Susan Sarandon sort of does whatever she wants.
A quick tally: She's in an astounding number of films that are either premiering or wrapping this year ("Cloud Atlas, " "Arbitrage, " "That's My Boy, " "The Company You Keep, " "Robot & Frank, " etc.). Then there's the ping pong, a passion which Sarandon's developed into not just three nightclub and training grounds (with a fourth on the way, as HuffPost Entertainment revealed) but a public-access program in New York's lower-income schools.
Topping it all off is the 65-year-old actress' doggedly liberal activism, which has long endeared her to liberals and made her an (unapologetic) enemy of the far right. So how does she manage it all?
"I figure out if I'm going to have fun, " Sarandon said in a recent interview. "But I really don't want to repeat myself, I want to do new things and work with people who are passionate about what they do and have a good time. So that's how I prioritize and make decisions."
We asked Sarandon about all of those careers and hobbies. In the edited transcript that follows, find out which of her recent films she most enjoyed, how she feels about "The Rocky Horror Picture Show" and what worries her most about the looming election.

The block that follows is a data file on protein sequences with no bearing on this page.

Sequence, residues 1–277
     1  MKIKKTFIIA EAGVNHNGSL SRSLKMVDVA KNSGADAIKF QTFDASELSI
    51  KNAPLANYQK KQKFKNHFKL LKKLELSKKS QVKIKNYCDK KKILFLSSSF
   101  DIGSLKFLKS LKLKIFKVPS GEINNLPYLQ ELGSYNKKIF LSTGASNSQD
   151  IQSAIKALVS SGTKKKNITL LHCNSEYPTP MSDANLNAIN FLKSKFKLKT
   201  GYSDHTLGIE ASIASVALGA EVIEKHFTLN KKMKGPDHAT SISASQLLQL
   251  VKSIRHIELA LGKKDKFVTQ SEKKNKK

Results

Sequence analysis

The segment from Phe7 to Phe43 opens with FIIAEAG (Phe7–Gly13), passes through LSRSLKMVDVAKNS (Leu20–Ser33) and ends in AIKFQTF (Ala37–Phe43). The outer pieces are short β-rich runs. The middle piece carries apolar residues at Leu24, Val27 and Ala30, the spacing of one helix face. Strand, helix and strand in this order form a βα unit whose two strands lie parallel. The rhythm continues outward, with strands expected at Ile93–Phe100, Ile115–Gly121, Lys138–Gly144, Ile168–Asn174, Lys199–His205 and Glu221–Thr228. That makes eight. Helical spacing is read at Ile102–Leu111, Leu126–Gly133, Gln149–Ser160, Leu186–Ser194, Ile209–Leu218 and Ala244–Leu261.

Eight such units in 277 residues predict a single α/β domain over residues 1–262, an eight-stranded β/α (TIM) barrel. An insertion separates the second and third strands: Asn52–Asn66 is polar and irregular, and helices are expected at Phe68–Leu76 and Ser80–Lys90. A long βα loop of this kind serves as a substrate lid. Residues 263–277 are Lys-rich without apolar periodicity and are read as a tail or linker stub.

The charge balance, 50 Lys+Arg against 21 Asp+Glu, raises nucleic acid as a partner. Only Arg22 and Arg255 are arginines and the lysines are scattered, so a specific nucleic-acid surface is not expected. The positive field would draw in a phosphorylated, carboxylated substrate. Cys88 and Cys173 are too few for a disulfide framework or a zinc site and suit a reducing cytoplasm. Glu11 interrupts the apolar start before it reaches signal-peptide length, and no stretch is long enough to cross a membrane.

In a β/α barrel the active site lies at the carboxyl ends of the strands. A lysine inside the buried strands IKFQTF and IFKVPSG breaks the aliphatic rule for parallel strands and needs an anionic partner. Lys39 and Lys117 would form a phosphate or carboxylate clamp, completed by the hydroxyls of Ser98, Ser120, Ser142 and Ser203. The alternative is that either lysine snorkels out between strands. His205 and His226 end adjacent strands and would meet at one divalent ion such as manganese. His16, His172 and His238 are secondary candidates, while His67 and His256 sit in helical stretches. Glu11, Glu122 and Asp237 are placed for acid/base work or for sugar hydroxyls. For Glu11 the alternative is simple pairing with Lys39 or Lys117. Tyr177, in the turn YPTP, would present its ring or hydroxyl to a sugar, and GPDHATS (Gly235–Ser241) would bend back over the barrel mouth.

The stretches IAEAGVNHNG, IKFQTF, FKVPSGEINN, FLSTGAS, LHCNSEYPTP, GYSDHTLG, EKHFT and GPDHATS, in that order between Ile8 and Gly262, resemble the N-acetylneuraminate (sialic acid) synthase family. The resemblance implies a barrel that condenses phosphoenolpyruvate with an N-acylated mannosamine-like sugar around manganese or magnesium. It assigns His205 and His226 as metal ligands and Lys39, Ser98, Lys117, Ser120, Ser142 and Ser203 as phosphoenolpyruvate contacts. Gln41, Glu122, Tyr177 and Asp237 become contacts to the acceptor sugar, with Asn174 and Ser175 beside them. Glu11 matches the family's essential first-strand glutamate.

No! I was just thinking I should really call back again, because we wrote a letter to the security there, you know, a lawyer letter, from the Center for Constitutional Rights. We were asking and giving all the details and asking if they could explain why that happened. Initially, somebody asked somebody - well, this is what the press told me - someone said I had showed up and wasn't on the list, but they called and told us not to come, I never went there. I'm still waiting for a response from the letter that I sent a month ago.
And how do you feel about the election, now that it's quickly approaching?
I think that the scariest thing now is the involvement of so much money, in all the races. Not just in the presidential races, but the interference with people from in and out of state with very deep pockets, in all the primaries and elections. Now that the Citizen's United thing came down, it's a free for all for anyone who has a lot of money to pay for commercials and influence things. And that's the scary thing for me, it's how money is changing, very obviously, the landscape of what it means to have an election in this country. I think money has always done that, but not as blatantly and freely as it can now that it's legal.